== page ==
Patients With Psoriatic Arthritis Have Altered Hemostatic Function, Analysis Finds

The new report may help explain why patients with psoriasis have a higher risk of cardiovascular problems.

A new report adds to the case that psoriasis involves systemic inflammation that can lead to cardiovascular comorbidities.

The study, published in Scientific Reports, found patients with psoriatic arthritis had elevated levels of circulating inflammatory molecules and altered hemostatic function. The investigators said patients with severe psoriatic disease should therefore have their hemostatic function carefully monitored.

Investigators, including corresponding author Etheresia Pretorius, PhD, of Stellenbosch University in South Africa, explained that a variety of factors are believed to play a role in the development of psoriatic diseases like psoriatic arthritis.

Overexpression of T helper 1 and 17 cytokines are common in patients with psoriasis, and inflammatory mediators including interferon-α, interleukin-22 (IL-22), the IL-23/IL-27 axis, and tumor necrosis factor are likewise believed to play a role in the disease. Patients with psoriasis also have higher rates of depression, diabetes, inflammatory bowel disease, and other comorbidities, they said.

“Considering these observations, a paradigm shift has occurred from viewing psoriasis merely as ‘skin deep’ to a systemic inflammatory condition,” Pretorius and colleagues wrote.

Following this hypothesis, the investigators wanted to get a better understanding of the links between psoriasis and increased cardiovascular burden. They noted that hypercoagulability has been proposed as one possible link between psoriasis and cardiovascular events. Thus, they decided to perform analyses of blood samples taken from patients with psoriatic arthritis and compare those to samples taken from healthy patients.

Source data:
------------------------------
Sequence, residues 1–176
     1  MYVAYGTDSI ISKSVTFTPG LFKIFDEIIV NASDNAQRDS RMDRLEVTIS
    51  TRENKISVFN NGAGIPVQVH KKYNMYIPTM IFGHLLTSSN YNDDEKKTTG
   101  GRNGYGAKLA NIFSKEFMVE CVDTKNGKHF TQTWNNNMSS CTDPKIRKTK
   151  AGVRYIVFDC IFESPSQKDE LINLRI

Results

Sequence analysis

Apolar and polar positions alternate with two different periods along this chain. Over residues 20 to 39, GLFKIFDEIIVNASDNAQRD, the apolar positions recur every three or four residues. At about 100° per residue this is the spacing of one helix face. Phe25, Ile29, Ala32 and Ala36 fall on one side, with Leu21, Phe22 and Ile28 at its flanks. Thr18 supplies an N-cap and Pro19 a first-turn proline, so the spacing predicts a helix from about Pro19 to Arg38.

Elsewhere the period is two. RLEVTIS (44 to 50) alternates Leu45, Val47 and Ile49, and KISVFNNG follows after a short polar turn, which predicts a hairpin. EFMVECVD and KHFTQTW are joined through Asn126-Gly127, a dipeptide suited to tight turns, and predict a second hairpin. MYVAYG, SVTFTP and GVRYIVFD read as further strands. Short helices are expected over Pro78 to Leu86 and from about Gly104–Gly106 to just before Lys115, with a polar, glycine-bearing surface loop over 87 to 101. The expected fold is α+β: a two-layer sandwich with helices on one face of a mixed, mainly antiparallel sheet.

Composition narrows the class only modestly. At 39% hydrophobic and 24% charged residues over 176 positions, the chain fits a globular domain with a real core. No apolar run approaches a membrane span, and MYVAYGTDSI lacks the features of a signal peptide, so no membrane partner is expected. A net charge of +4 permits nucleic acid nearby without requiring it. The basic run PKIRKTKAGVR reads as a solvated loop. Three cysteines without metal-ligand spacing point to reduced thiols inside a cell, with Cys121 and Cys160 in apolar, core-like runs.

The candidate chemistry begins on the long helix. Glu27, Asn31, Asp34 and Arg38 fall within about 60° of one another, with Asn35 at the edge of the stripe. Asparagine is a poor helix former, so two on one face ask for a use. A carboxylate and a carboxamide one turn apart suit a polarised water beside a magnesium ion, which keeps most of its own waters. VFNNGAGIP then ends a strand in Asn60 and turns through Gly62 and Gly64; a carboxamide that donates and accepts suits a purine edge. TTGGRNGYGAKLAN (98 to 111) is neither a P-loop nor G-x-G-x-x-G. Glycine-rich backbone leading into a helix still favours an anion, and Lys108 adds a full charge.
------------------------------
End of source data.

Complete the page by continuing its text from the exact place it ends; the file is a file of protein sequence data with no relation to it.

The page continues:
Samples were collected from 20 patients with psoriatic arthritis and 20 healthy controls. Investigators measured concentrations of inflammatory molecules using enzyme-linked immunosorbent assays. They then evaluated clotting efficiency using thromboelastography (TEG) and analyzed samples’ fibrin network architecture using scanning electron microscopy.

Pretorius and colleagues found that the patients with psoriatic arthritis had significantly elevated levels of circulating inflammatory molecules, as well as an increased tendency towards thrombus formation.

“Scanning electron microscopy revealed that fibrin clots were denser in psoriatic individuals, compared to healthy controls, with an increased fibrin fiber diameter associated with psoriatic disease,” they said, adding that theirs was the first study to show such fibrin networks are present in psoriasis.

Having demonstrated that, the investigators said the next step should be to find out whether these changes have direct implications for the outcome of thromboembolic complications in psoriatic disease. They said future studies should look at issues such as the lytic susceptibility of an altered clot structure in psoriatic disease.

For clinicians, Pretorius and colleagues said the evidence suggests close monitoring of patients with severe disease or inflammatory flares may be beneficial, since their analysis indicates those patients may be at a higher risk of thrombotic complications.


“We recommend the routine monitoring of coagulability by a global coagulation assay, such as TEG, not as a predictor of imminent thrombotic risk, but rather as a preventative measure,” they said. “Levels of fibrinogen and D-dimer may also be considered for this purpose, as they show strong prognostic value for the development of thrombotic events.”

The investigators noted a few limitations, including the cross-sectional nature of the study and the small sample size. They added that patients in the study were receiving systemic therapy at the time samples were taken, which may have had a confounding effect.

Reference:

Visser MJE, Venter C, Roberts TJ, Tarr G, Pretorius E. Psoriatic disease is associated with systemic inflammation, endothelial activation, and altered haemostatic function. Sci Rep. Published online June 22, 2021. doi:10.1038/s41598-021-90684-8